For crying out loud people, this whole thing started over a brown lawn. A BROWN LAWN!! You act as if that's a major felony. It's not like she was dealing drugs or soliciting prostitution. How merciless and how heartless can you be, especially to a group of people, namely senior citizens, who deserve the utmost care and respect?? Where is your sense of judgment in this issue?

    Wall yourselves in and rename the city Berlin.

  • Do I have to identify myself?
    Feb. 8, 2008 4:33 p.m.

    This has been decided in the courts numerous times and consistently ruled that you do have the right to not identify yourself to police, but that refusal is justification for the officer to suspect your are hiding something relevant to the investigation and "Detain" you until he can complete his investigation. (note "Detain" is NOT the same as "Arrest", doesn't have same requirements).

    Google "Do I have to identify myself to police" and do some research on your own.

    You may just be stubborn, but you may also be concealing your identity because you have warrants, wanted for a seperate crime or you may just want to mess with the cop, but he is withing his rights to detain you if you conceal your identity or give false identification.

    I doubt AJ is a legal scholar. Neither am I. Research it for yourself. Unless giving your name is going to get you in BIGGER trouble, It's probably best to just give them your name instead of running.

    People telling us, "You don't have to tell nobody nuthin", will lead to more of these senseless incidents (ie UHP-tazer-boy, brown-lawn-lady and others).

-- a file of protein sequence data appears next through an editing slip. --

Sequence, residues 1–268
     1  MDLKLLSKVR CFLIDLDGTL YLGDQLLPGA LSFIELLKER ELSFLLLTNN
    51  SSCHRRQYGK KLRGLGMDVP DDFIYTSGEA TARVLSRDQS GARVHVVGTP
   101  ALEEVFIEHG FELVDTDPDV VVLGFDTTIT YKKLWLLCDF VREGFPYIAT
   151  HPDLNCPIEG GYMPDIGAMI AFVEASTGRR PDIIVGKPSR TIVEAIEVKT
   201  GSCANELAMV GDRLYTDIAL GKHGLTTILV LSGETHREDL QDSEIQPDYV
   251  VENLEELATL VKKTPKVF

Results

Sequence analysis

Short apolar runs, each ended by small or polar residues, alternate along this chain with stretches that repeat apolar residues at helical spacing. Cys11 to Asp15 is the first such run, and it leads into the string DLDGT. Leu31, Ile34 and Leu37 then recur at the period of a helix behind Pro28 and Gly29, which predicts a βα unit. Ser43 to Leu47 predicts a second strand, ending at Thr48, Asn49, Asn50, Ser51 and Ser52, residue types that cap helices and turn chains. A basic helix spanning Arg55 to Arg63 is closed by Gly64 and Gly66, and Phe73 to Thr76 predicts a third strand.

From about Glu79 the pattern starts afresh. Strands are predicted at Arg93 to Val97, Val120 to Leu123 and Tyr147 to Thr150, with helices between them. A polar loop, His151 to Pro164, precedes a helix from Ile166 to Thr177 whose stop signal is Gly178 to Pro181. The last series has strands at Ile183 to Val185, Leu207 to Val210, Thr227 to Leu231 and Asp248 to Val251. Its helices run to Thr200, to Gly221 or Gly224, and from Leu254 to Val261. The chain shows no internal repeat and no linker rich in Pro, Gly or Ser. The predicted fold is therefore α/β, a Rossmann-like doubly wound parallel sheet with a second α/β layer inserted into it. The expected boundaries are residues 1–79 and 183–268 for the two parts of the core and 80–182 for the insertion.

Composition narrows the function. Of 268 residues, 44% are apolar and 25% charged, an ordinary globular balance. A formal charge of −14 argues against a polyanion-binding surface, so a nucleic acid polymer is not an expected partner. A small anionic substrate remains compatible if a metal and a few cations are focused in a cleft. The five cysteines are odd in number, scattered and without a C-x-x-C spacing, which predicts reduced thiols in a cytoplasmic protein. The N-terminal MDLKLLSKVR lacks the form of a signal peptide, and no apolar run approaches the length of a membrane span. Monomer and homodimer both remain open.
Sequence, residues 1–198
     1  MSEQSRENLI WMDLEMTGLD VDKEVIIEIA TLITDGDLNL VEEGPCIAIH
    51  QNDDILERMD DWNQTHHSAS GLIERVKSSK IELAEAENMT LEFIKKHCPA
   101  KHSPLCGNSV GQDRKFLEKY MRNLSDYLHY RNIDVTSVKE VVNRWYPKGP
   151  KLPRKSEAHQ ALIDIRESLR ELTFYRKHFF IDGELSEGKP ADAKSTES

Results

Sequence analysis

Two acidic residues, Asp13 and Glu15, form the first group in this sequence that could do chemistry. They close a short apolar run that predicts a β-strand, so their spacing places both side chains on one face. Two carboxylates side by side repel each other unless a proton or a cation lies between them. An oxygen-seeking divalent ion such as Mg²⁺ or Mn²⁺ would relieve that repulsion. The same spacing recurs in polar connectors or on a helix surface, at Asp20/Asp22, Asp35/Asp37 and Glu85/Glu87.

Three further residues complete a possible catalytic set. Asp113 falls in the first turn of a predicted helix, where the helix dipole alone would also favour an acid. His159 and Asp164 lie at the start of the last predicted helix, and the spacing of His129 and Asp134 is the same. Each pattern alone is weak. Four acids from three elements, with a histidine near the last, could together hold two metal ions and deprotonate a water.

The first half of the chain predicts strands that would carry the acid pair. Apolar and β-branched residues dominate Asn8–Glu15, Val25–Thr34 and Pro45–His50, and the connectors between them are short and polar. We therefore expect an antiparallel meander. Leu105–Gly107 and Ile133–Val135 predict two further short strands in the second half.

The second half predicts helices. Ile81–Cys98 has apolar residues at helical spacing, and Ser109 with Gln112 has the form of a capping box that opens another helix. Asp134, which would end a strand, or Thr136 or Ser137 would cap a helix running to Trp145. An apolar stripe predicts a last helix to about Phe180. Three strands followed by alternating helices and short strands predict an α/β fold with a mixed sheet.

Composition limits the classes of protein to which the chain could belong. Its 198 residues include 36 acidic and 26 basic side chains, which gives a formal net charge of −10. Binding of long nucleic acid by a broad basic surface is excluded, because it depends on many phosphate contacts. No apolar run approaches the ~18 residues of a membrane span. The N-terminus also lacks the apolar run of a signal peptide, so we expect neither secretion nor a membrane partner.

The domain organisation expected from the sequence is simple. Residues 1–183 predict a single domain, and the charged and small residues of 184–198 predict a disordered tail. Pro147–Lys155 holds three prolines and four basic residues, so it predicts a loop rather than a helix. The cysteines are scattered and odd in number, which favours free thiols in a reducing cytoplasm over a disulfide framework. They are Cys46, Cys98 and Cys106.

• Flabbergasted
    Feb. 8, 2008 4:18 p.m.

    What I find amazing is that people forget she hurt herself--the officer did nothing to her. The officer handcuffed her ONLY after she refused to give her name and verbally abused him. Then she tried to run away and hurt herself. This is not a case of some jackbooted thug with a badge abusing his power.

    The defense was very savvy about putting out that sort of misinformation while the City of Orem, whether or not they were in the right to prosecute saved it for the trial. That is the way it's supposed to be done.

  • AJ
    Feb. 8, 2008 3:34 p.m.

    Prove it. Not when your on private property.

  • To: Your rights end...
    Feb. 8, 2008 3:39 p.m.

    By asking if those of us with opposing views have personally dealth with this woman means that you have, correct? Because if you haven't personally dealt with this woman then you are as guilty of speaking to that which we know nothing as the rest of us. Or you are as justified voicing your opinion as the rest of us. So, we all should shut up or all should speak up. Which choice would a true American support?

    That said, how did you come up with the $20,000+ figure? I suppose you are a real estate appraiser?

  • Lee
    Feb. 8, 2008 3:25 p.m.

    This was stupid... on one hand the cities ask us to conserve water and on the other hand the attempt to fine us if we don't waste it. As for the riter who asked "How we would feel if our neighbor didn't water their lawn?" Well I have a neighbor who doesn't water their lawn, so I went and talked to them and found that they cannot afford the water in Midvale. They have been out of work for just over a year and have huge medical expenses for a child who was hurt in an accident and are dealing with a crummy insurance co. So twice a week I drag my hose over to their yard and water for them. I don't try to add to their misery. But I know that is beyond the ability of most government.